You might practice warming up yourself for prayer by focusing on your bodily posture before God. It greatly helps to engage your mind and heart on God when you’re intentional about putting your body into your prayer.

Sit comfortably…  Relax…

You may want to let your rhythm of breathing in and out become a prayer…

You may want to hold out your hands to open yourself to the Lord…

Breathe in God’s Peace

Hear the word of God to the Psalmist: “Be still and know that I am God” (Psalm 46:10).

You probably know this prayer. But did you know that it’s context in Psalm 46 is war and devastation? That’s the real test of our peace — can we rest in God’s care in the midst of distress and pain?

Let’s so some soul work and practice being still in Christ’s presence now. Consider something that scares you or makes you anxious… Name this to the Lord… Picture yourself in that situation…

Then sloooowly pray God’s Word to yourself as a “Simplifying Breath Prayer”:

Be still and know that I am God…

Be still and know that I AM…

Be still and know…

Be still…

Be…

Focus on Jesus

Here’s another favorite Abiding Prayer of mine: “Jesus, be the center.”

This little prayer of the heart is based on Matthew 17:6-8 (MSG), “The disciples saw Jesus, only Jesus,” and Matthew 21:9 (NLT), “Jesus was in the center.” It’s a simple little prayer that says it all! You might try gently repeating this prayer to yourself now: “Jesus, be the center…”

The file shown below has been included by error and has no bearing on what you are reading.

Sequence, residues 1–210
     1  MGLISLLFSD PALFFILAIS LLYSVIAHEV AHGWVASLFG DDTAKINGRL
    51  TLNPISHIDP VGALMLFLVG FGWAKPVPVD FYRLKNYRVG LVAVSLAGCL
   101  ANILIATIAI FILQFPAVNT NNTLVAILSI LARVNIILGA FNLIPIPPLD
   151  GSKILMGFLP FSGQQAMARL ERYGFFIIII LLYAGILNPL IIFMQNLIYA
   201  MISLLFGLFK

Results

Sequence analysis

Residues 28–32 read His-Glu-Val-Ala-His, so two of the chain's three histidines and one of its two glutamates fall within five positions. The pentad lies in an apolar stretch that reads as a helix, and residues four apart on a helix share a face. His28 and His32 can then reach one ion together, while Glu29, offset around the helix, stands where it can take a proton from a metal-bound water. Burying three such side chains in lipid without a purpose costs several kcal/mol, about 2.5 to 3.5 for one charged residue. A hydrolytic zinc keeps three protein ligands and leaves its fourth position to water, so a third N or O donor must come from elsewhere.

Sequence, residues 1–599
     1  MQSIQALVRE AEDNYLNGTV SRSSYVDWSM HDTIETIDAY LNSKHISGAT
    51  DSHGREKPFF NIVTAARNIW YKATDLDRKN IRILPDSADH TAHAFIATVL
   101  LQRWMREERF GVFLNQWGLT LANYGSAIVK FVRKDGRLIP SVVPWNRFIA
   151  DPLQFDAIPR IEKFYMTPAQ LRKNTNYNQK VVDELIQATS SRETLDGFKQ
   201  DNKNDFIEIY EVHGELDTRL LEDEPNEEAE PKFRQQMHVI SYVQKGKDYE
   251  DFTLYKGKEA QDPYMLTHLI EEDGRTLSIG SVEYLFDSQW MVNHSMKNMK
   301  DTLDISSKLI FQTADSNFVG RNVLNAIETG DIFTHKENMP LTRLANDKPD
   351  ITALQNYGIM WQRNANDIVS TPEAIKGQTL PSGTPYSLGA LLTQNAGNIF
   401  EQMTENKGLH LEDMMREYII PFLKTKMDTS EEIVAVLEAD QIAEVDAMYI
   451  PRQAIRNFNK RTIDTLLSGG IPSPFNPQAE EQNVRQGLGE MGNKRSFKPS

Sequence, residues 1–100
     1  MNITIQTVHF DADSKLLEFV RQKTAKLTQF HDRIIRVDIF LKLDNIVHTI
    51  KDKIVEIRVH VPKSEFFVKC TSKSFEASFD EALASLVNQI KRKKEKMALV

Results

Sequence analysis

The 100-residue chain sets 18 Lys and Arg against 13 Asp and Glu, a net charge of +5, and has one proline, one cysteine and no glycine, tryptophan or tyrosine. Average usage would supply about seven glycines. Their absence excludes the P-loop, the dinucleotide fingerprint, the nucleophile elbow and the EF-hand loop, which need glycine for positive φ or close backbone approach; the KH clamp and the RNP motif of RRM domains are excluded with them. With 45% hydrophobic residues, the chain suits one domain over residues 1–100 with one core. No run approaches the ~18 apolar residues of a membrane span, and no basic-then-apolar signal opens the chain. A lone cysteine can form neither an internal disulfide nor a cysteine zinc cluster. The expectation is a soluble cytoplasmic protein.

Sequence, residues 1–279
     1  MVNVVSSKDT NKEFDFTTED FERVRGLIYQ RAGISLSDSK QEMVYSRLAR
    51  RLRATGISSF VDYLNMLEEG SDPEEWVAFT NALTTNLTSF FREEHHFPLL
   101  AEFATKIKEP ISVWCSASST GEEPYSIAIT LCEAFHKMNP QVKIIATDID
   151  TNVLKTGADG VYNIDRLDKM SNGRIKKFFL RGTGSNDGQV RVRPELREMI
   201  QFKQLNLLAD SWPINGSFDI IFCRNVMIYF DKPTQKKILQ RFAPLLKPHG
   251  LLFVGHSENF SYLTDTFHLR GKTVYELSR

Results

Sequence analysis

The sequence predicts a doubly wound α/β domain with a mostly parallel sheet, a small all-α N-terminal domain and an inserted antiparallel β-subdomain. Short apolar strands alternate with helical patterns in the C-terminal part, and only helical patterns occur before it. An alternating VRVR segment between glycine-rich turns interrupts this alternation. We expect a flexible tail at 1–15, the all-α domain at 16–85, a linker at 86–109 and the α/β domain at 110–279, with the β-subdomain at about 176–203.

It’s helpful to use an Abiding Prayer to do some soul work in which we open ourselves to God in order to be formed more into the image of Christ. “Watch and pray,” Jesus taught us. We’re seeking for Jesus to be our focus and our desire in the activities of the day ahead. Consider your schedule and pray: “As I _________, Jesus, be the center.”

Submit to God

Jesus prayed on the cross: “Father… into your hands I commit my spirit” (Psalm 31:5 & Luke 23:46). This is another powerful, little prayer for our spiritual formation.

Try offering this prayer to submit the parts of yourself and your life to God: “Father… into your hands I commit my ________…” (e.g., thoughts… desires… health… relationships… dreams).

Remember we can also abide in prayer for others. Intercede for people the Lord brings to your mind: “Father… into your hands I commit __(name)__”

More Soul Shepherding

“All Scripture is God-breathed and is useful for teaching, rebuking, correcting and training in righteousness, so that the man [or woman] of God may be thoroughly equipped for every good work” (2 Timothy 3:16-17). But some Scriptures seem to be especially anointed to minister God’s grace to us! Read Breath Prayers from the Bible for more some favorite Scripture based Abiding Prayers.

See “Retreat Resources” for a list of Soul Shepherding resources to help you connect with Jesus on retreat.